Master of St. Augustine, The St. Augustine Altarpiece

Bruges, Circa 1490
Oil, gilding, and silver on oak panel, 54 1/4 x 59 in. (137.8 x 149.9 cm)
The Cloisters, New York City (accession number 61-199)

This is the central panel of a triptych. It echoes the typical organization of triptychs by putting the large central scene between two painted "columns" and populating the sides with four scenes from the saint's life. Further visual trickery in the sides unifies separate scenes: On the left, Augustine preaches in the open air before the church where he is being ordained a priest. On the right, he teaches about the Trinity while a boy in the background explains that it is incomprehensible.

In the scene on the upper left Bishop Valerius of Hippo ordains Augustine as a priest. (At the moment shown he is anointing Augustine's hands.) Below left, Augustine preaches in Hippo while Valerius and his mother St. Monica listen. According to the Golden Legend, Valerius' mother tongue was Greek and he needed Augustine to preach to the people in Latin. At Valerius' left is St. Monica, Augustine's mother. This is an anachronism, because Monica died before Augustine returned to Africa from Milan, but then so is her rosary.

In the central scene Valerius and another bishop consecrate Augustine as Bishop of Hippo. The three men in white are minor clergy charged with various sacred items associated with baptism: a tall candle, an aspergillum (used at solemn masses for sprinkling the congregation as a symbol of their baptism), a censer, a box for salt (a symbol of preservation from sin to be  placed in the baptized person's mouth), and the two ampullae of chrism or blessed oil. The middle man holds the book from which the celebrant will read parts of the liturgy.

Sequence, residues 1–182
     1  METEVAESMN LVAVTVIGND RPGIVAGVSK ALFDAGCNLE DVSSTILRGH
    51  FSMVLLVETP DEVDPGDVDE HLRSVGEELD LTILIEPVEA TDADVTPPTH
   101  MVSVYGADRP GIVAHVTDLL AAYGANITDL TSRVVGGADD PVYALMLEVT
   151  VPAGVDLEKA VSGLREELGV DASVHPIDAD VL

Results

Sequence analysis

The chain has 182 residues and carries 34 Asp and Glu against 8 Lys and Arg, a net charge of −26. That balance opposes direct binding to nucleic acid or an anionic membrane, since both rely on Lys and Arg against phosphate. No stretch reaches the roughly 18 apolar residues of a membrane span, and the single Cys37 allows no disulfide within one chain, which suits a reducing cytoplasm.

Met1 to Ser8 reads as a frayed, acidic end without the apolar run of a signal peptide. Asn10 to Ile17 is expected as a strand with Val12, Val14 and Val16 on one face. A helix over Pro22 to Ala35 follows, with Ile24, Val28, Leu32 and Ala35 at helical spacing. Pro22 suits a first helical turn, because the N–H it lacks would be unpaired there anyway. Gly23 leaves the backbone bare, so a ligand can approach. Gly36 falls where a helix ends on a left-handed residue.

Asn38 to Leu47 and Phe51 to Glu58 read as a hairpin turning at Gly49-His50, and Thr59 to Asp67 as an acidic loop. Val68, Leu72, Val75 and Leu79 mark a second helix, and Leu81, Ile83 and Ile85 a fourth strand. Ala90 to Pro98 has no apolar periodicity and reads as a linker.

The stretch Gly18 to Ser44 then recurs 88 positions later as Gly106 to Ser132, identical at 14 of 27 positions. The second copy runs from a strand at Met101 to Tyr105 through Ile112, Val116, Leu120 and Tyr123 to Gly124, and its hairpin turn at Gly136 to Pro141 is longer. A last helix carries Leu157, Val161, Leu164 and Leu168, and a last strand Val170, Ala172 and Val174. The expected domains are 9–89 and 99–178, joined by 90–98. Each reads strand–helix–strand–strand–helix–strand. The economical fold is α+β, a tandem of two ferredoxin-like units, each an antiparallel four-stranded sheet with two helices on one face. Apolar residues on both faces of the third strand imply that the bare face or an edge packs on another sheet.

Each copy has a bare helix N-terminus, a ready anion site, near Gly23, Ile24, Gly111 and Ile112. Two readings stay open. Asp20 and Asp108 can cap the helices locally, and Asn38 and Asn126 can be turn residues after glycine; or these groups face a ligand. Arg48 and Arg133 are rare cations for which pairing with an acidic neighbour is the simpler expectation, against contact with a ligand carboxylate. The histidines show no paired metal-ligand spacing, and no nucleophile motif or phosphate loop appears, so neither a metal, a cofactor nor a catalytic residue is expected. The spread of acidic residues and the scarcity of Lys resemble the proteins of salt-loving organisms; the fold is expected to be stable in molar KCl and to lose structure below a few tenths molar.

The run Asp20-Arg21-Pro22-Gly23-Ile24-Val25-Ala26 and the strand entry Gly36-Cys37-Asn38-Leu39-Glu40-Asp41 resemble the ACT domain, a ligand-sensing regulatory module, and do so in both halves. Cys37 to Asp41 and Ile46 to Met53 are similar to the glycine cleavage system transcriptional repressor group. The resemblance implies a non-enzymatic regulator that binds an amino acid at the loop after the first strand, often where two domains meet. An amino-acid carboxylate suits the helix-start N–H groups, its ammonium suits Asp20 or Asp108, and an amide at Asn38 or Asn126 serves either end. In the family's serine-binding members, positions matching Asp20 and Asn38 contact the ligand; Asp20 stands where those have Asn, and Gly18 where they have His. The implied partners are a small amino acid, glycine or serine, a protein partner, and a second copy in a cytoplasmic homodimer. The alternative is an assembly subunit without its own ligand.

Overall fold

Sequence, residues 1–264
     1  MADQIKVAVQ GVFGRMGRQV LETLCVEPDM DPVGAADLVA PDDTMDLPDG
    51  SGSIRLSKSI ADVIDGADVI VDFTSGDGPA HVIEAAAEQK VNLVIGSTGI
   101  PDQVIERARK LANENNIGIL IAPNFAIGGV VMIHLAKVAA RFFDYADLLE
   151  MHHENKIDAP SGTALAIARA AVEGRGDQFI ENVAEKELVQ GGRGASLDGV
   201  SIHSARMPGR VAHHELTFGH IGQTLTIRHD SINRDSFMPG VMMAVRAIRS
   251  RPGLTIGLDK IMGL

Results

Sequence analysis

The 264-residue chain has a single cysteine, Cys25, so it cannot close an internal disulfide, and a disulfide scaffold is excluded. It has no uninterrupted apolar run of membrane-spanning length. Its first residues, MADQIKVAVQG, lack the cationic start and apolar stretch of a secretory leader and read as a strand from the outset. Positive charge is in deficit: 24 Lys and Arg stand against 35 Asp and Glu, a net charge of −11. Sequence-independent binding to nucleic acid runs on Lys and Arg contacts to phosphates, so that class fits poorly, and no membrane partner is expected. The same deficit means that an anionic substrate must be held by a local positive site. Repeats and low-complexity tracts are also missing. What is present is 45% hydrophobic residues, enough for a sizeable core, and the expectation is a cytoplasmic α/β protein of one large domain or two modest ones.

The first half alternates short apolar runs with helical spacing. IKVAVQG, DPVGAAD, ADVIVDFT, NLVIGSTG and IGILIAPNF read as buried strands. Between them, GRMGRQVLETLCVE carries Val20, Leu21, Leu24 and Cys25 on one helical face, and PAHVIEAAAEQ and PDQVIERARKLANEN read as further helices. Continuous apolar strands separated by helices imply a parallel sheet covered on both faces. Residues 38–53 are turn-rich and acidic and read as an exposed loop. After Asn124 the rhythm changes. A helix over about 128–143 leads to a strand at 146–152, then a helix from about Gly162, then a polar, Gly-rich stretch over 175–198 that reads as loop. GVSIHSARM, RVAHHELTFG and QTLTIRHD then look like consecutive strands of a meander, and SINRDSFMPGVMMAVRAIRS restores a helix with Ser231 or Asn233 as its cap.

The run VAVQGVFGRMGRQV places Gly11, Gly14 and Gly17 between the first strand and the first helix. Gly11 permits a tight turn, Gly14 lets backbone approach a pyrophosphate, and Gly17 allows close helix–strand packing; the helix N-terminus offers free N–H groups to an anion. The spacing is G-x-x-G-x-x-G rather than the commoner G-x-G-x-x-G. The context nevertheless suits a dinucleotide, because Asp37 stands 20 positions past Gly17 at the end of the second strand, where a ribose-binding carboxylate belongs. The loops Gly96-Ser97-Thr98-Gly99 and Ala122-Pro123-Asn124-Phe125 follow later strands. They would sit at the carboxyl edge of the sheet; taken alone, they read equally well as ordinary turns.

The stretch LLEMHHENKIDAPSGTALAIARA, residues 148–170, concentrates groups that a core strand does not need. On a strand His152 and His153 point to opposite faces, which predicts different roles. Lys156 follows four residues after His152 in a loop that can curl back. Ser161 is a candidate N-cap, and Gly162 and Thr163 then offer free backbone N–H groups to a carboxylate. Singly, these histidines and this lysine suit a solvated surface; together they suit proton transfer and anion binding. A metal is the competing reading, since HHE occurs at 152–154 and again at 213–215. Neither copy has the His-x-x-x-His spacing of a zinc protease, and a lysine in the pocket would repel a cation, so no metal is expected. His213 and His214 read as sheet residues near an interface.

On the right Augustine teaches a group of men about the Trinity, counting off the number three on his fingers. Ironically, the upper right depicts the "Parable of the Trinity," in which a boy tells the saint the Trinity cannot fit into a man's head any more than the ocean could fit into the boy's little sand pail.

For other examples of the finger-counting gesture to denote religious instruction, see this page. In some other medieval and Renaissance images the fact that a saint is preaching can be denoted by his or her counting on fingers. This is how St. Catherine's address to the pagan philosophers is pictured in Pinturicchio's 1492 Disputation of St. Catherine (McDowell, 170) and Cenni's St. Catherine Disputing with the Philosophers. We also see the gesture in Jan Polack's St. Peter as Teacher and in Giralte de Bruselas's sclpture group of the Boy Jesus among the Doctors. The same signifier is used even for the true and false interpretings of Nebuchadnezzar's dream. In Master Francke's St. Barbara Altar the saint counts on her fingers as she tries to explain the Christian faith to her father. In Bonaiuto's The Church Militant and The Church Triumphant St. Peter of Verona counts on his fingers as he addresses an unreceptive crowd of heretics.

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Read more about images of St. Augustine and St. Monica.
Read more about medieval and Renaissance altarpieces.

Photographed at The Cloisters by Richard Stracke, shared under Attribution-NonCommercial-ShareAlike license.